Set on Lake Lucerne, where the Swiss Alps begin, the compact medieval city of Lucerne has long been renowned for its spectacular natural surroundings, architecture and unparalleled collections of modern art. With a small but burgeoning contemporary art scene forging significant connections and spaces for innovation, the Swiss-German city is rapidly rising to rival its larger, flashier Swiss counterparts.
Once a refuge for composer Richard Wagner, Lucerne possesses historical and ongoing cultural significance. Amidst the pristine Swiss medieval and Renaissance architecture one finds art treasures of the past. Topping the list is Danish sculptor Bertel Thorvaldsen's Lion Monument (1819–1821), which honours the Swiss mercenaries killed in the 1792 storming of Paris' Tuileries Palace. Another treasure is Edouard Castres' grand circular panorama The Arrival of General Bourbaki's Army at Les Verrières (1881), installed in its Lucerne rotunda in 1889. Established as the Kunstpanorama in 1996, the Kunsthalle Luzern is based in the Bourbaki Panorama building and focused on the exhibition and discussion of local, national, and international art, and also acts as a documentation repository for Central Swiss artists.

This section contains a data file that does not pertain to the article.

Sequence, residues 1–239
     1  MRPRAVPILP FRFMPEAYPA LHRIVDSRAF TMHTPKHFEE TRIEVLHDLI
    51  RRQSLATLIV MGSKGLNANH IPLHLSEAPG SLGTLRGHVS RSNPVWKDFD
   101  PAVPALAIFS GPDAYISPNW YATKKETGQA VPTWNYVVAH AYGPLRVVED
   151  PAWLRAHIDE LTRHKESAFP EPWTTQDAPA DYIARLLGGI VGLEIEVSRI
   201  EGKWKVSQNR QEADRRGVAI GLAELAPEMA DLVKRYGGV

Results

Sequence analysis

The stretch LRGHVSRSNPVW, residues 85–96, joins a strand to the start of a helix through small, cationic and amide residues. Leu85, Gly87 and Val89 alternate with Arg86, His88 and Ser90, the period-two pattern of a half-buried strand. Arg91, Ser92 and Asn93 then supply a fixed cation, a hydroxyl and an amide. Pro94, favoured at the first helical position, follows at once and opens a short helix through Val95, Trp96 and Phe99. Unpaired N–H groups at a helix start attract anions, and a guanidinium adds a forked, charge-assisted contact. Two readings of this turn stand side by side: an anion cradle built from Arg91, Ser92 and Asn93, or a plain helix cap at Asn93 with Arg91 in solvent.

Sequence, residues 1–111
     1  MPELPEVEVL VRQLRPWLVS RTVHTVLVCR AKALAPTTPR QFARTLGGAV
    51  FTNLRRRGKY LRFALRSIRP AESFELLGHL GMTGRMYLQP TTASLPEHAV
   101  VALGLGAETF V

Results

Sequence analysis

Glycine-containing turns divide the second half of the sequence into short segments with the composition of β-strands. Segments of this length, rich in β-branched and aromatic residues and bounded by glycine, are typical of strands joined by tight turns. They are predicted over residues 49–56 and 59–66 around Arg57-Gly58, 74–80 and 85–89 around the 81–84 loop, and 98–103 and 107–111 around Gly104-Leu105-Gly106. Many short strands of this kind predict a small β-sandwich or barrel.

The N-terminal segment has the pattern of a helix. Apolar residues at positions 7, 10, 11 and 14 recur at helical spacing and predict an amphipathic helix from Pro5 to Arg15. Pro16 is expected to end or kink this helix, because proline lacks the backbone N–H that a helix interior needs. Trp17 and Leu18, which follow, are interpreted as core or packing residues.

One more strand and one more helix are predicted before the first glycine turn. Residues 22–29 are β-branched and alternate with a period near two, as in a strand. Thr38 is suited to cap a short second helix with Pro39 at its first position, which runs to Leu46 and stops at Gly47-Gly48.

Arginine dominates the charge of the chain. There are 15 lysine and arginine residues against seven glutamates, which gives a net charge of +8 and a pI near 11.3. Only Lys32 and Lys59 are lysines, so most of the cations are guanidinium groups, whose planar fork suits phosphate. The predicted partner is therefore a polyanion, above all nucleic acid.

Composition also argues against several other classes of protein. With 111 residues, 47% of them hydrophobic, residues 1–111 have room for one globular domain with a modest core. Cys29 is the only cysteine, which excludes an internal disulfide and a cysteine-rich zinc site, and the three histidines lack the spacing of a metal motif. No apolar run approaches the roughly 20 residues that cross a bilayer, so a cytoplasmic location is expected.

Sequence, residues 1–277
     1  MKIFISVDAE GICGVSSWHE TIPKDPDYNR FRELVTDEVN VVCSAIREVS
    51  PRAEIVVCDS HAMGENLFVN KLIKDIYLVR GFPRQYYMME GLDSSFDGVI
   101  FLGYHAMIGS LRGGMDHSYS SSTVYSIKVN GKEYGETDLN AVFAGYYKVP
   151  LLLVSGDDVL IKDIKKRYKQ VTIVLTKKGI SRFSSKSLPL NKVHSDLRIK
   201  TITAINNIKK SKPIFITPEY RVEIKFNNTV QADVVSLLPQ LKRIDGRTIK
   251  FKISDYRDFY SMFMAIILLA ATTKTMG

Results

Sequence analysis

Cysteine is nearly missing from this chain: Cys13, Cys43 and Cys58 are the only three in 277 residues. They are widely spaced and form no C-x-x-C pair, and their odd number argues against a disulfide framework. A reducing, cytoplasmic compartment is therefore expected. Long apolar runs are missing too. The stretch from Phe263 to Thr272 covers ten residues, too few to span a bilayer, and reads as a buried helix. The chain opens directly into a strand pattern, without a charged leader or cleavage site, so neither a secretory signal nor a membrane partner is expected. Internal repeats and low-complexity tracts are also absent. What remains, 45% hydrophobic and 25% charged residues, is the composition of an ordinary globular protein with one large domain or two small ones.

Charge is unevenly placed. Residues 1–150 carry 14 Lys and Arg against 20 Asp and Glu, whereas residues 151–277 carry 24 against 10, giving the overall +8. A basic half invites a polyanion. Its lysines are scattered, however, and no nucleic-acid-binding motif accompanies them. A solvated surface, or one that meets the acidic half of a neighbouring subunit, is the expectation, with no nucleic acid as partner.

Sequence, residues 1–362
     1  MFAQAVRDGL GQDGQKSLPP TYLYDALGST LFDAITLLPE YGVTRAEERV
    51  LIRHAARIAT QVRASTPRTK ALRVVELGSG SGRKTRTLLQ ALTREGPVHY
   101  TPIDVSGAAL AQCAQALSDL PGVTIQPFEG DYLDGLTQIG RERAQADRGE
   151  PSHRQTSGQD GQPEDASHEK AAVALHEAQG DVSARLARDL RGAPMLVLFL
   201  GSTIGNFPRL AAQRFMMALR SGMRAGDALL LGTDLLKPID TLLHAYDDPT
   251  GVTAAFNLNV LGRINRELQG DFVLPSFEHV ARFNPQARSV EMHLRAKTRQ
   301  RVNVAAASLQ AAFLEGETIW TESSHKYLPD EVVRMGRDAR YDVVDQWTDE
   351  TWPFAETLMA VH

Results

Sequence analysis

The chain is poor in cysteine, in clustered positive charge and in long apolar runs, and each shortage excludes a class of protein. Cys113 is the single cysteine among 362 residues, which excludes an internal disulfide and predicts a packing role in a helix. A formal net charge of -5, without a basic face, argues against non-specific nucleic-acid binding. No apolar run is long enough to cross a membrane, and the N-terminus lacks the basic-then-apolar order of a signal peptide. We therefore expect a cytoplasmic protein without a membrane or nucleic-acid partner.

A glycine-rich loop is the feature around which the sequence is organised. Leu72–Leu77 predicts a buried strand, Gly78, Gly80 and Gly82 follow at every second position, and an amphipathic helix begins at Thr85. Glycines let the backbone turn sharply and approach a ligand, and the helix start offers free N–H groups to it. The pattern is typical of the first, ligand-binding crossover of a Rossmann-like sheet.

A pinnacle art attraction housed in a neoclassical building, the Rosengart Collection (the private collection of art dealer Angela Rosengart) is a pre-eminent gallery of European modernist art. Open to the public since 2002, the collection boasts over 200 works by Impressionist and modernist masters including Monet, Cézanne, Renoir, Matisse, Picasso, Klee, Modigliani, and Dufy. Established in 1992 Galerie Urs Meile has played an integral role in the introduction and dissemination of a range of contemporary art methods and styles in Lucerne. With an outpost in Beijing, the gallery sustains a strong international connection, facilitating an exchange of art and artists between the two cities.
Moving between various locations since its establishment in 1873, the Kunstmuseum Luzern has built up a significant collection of historical and contemporary works while consistently engaging with and nurturing avantgarde art within and beyond the region. Occupying the fourth floor of Jean Nouvel's Lucerne Culture and Congress Centre (KKL) since 2000, the Kunstmuseum's exhibition programmes use the institution's historic collection as a backdrop to focus on contemporary art.
Alongside the newly established Kunstpavillon (opened in 2017), numerous smaller semi-permanent gallery spaces dot the city, including Museum im Bellpark, Galerie gummi-entli, and the KALI Gallery, providing a stage for new and up-and-coming Swiss artists from a diverse range of genres. Beyond the conventional gallery space, the LA Collection'Air sculpture park located on the territory of Château Gütsch showcases various unique sculptures and installations by several Russian artists.